By Anand Desai
From starting my career as a junior counsel at a time when law was a low priority option as a profession, to being a businessman for a short time, and then a partner of a relatively small but successful law firm, it was a fantastic moment to be invited to be managing partner of the Indian member firm of what was then the fastest growing international network of law firms - Andersen Legal. DSK Legal was established on 1 April 2001 with seven lawyers, including three partners, and a skeletal support staff. From then it has been an exciting roller coaster journey of growth, high points, disappointments, and stressful times, with many great learnings as a professional having the responsibility for an organization in a fast changing and increasingly complex environment.
The context is important to set as well. From the traditional law firms to economic liberalisation in 1991 and the establishment of national law schools from 1986, law becoming a “preferred” option for our bright young minds and “business development” becoming a norm, the practice of law firms has transformed. Firms have grown in numbers, size and expertise, with strategy, business development and strong support functions having become an integral part.
Establishing a new firm with international standards was a unique experience. Andersen closed worldwide in early 2002, but meeting network firm managing partners in that brief period was of great benefit. I am fortunate to count some of them as my close friends, and I continue to value their advice.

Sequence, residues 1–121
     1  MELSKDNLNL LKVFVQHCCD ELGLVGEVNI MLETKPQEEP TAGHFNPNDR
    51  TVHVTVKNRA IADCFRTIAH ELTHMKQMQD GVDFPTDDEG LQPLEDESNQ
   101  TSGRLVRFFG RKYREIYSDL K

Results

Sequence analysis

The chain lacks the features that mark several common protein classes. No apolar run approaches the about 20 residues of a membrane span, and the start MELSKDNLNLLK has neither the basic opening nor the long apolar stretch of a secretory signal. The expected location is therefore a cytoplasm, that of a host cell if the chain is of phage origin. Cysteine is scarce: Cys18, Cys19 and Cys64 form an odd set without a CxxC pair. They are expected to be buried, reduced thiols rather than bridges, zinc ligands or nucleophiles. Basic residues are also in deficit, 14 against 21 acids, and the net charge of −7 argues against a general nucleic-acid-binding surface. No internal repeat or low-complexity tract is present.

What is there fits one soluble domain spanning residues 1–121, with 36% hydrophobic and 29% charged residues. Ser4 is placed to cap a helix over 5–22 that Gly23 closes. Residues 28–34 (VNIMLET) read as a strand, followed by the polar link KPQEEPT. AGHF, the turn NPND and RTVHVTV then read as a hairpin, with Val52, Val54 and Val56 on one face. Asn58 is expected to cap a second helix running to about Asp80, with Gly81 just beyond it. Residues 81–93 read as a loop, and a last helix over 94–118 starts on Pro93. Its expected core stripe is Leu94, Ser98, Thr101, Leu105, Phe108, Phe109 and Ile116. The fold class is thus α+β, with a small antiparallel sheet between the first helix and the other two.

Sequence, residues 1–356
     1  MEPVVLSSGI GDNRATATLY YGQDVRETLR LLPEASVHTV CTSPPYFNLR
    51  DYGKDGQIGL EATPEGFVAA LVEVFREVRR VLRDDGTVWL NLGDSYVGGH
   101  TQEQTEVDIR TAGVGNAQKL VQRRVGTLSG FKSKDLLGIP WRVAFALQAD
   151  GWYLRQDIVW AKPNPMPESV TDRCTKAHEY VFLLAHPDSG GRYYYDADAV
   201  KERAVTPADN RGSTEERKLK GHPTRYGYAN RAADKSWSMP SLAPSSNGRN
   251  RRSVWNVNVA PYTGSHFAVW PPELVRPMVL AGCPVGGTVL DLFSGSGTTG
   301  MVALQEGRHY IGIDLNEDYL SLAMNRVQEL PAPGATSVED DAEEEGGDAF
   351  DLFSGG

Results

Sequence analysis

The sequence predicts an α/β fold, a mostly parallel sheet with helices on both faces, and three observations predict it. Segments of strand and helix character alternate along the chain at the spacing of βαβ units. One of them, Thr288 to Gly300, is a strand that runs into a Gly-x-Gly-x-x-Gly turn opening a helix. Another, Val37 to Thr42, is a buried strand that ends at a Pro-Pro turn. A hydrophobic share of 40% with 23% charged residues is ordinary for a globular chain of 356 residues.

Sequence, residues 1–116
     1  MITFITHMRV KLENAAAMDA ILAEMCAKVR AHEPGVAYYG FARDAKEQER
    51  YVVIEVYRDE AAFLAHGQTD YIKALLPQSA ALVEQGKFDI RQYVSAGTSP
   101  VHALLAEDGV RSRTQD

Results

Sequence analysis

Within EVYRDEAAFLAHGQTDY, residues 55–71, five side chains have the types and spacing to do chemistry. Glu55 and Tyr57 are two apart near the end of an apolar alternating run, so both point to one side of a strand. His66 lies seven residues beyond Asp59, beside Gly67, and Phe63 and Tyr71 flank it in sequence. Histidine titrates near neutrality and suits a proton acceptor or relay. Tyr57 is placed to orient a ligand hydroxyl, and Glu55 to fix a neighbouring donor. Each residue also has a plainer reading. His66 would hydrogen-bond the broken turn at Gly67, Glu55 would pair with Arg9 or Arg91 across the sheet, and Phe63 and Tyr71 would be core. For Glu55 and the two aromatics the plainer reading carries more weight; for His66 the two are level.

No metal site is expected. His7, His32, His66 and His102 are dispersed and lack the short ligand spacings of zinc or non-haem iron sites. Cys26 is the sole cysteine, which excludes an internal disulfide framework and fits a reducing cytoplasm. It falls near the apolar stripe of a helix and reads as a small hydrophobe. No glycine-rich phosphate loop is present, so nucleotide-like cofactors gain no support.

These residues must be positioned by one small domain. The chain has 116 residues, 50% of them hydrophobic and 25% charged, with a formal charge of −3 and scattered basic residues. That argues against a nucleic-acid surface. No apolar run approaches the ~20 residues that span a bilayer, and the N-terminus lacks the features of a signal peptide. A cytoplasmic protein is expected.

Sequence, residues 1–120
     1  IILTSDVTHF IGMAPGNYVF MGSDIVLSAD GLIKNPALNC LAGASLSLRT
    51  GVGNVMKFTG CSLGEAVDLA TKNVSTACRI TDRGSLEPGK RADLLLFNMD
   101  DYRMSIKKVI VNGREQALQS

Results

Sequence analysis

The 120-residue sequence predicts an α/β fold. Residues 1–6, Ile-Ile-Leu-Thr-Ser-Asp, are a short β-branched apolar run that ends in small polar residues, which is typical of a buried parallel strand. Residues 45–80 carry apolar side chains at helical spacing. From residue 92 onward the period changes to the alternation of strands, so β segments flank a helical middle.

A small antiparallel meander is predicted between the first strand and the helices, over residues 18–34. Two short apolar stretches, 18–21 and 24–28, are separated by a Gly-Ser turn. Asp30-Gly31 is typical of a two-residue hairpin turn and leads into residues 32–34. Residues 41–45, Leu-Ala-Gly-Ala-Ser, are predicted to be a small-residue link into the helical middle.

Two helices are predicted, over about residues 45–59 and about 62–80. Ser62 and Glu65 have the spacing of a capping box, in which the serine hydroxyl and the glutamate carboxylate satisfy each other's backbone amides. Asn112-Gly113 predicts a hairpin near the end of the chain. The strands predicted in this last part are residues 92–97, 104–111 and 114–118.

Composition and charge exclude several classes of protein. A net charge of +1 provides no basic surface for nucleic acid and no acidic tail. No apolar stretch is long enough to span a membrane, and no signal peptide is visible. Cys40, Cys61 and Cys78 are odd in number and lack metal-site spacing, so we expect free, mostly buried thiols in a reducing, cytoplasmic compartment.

The initial exposure to systems and processes of a large international network was an eye-opener and exhausting to comply with, including global conflict checks to ensure the network was treated by clients as one. An early memorable incident was our inability to accept an assignment for our Indian corporate client against an Andersen Legal global client. This resulted in our client threatening to sue us for not accepting the assignment! Fortunately, this got resolved with a waiver from the global client, but only after some stressful days for me.
Over time I learnt that the key to a successful organization is to attract and retain talent that has energy with a larger vision, and understands that if the pie grows each one gets more, as against the usual “what’s in it for me” attitude. As I learnt while representing a Japanese client acquiring their agent’s business in India, there are those who truly appreciate being part of an organization that does good work and benefits from teamwork where 2 + 2 equals more than 4.
Building the blocks of a recognized firm included attracting the best talent, incentivising and training them well, and building strong practices with a healthy mix of retainer clients who entrusted all their legal work to us, and large transactions from international and domestic clients.
Each day is not just about client work but also about developing and implementing a strategy to grow the firm, positioning, attracting more clients in specific practice areas, and putting in place robust systems. Law firm management became a part of my life. Vacations shortened. While managing a fast growing firm is a full time occupation, I benefitted from the sound advice of an ex-managing partner of Andersen Legal to never stop doing client work, as it made one redundant as a lawyer. It has been a balancing act, but I believe giving preference to client work was the correct path to follow, as that is what we became professional lawyers for.